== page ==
INTRODUCTION: The numeric score for the United States Medical Licensing Examination Step 1 is one of the only universal, objective, scaled criteria for comparing the many students who apply to orthopaedic surgery residency. However, on February 12, 2020, it was announced that Step 1 would be transitioning to pass/fail scoring. The purpose of this study was to (1) determine the most important factors used for interview and resident selection after this change and (2) to assess how these factors have changed compared with a previous report on resident selection. METHODS: A survey was distributed to the program directors (PDs) of all 179 orthopaedic surgery programs accredited by the Accreditation Council for Graduate Medical Education. Questions focused on current resident selection practices and the impact of the Step 1 score transition on expected future practices. RESULTS: A total of 78 PDs (44%) responded to the survey. Over half of PDs (59%) responded that United States Medical Licensing Examination Step 2 clinical knowledge (CK) score is the factor that will increase most in importance after Step 1 transitions to pass/fail, and 90% will encourage applicants to include their Step 2 CK score on their applications. The factors rated most important in resident selection from zero to 10 were subinternship performance (9.05), various aspects of interview performance (7.49 to 9.01), rank in medical school (7.95), letters of recommendation (7.90), and Step 2 CK score (7.27). Compared with a 2002 report, performance on manual skills testing, subinternship performance, published research, letters of recommendations, and telephone call on applicants' behalf showed notable increases in importance. DISCUSSION: As Step 2 CK is expected to become more important in the residency application process, current applicant stress on Step 1 scores may simply move to Step 2 CK scores. Performance on subinternships will remain a critical aspect of residency application, as it was viewed as the most important resident selection factor and has grown in importance compared with a previous report.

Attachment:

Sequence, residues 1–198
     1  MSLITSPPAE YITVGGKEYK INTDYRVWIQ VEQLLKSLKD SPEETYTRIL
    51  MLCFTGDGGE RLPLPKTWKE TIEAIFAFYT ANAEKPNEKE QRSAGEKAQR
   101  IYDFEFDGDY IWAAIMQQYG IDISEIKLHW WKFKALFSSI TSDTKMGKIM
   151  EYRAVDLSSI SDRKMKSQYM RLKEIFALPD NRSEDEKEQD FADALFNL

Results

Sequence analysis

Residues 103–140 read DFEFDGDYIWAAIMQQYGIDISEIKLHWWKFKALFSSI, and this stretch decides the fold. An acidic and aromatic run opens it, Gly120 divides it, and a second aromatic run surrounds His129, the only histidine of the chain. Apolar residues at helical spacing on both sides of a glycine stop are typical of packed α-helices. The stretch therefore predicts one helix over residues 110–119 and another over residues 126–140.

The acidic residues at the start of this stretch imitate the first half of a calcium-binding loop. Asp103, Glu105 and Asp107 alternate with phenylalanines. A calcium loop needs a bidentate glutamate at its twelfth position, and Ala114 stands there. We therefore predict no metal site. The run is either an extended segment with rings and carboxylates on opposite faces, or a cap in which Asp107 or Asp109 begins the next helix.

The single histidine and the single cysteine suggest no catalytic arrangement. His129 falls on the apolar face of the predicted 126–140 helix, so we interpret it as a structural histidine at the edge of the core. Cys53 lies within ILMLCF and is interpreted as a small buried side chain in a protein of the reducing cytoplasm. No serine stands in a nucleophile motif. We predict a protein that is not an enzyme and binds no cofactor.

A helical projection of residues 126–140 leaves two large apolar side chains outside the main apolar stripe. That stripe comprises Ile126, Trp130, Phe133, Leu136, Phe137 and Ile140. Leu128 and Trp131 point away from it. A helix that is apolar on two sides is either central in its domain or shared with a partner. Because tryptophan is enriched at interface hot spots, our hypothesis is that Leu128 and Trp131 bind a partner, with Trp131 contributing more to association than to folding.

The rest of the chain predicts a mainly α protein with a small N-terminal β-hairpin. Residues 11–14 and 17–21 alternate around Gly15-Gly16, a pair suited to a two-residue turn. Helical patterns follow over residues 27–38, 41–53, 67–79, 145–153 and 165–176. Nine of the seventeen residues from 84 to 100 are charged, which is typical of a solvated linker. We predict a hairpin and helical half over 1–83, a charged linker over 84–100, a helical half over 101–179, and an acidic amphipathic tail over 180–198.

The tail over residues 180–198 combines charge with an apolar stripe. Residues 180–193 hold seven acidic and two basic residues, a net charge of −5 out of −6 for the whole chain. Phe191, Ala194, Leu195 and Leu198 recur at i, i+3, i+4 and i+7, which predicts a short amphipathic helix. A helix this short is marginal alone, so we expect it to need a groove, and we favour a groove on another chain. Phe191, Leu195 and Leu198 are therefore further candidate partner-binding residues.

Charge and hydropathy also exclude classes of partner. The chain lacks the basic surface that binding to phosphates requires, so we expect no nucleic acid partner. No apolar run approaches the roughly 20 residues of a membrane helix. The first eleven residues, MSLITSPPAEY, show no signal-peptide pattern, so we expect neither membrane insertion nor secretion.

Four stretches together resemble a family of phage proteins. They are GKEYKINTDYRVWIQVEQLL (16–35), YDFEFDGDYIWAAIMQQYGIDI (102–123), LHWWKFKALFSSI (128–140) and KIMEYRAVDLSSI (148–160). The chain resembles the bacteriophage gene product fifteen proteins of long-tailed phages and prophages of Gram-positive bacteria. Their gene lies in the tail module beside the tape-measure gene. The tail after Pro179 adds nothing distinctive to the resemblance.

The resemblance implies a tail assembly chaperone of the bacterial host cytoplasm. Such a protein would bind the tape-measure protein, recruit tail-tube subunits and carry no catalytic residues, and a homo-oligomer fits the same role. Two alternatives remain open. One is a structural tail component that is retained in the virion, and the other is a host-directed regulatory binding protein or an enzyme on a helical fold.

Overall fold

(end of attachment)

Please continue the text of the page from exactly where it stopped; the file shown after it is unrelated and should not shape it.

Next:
|Original language||English (US)|
|Number of pages||9|
|Journal||The Journal of the American Academy of Orthopaedic Surgeons|
|State||Published - Nov 1 2020|
ASJC Scopus subject areas
- Orthopedics and Sports Medicine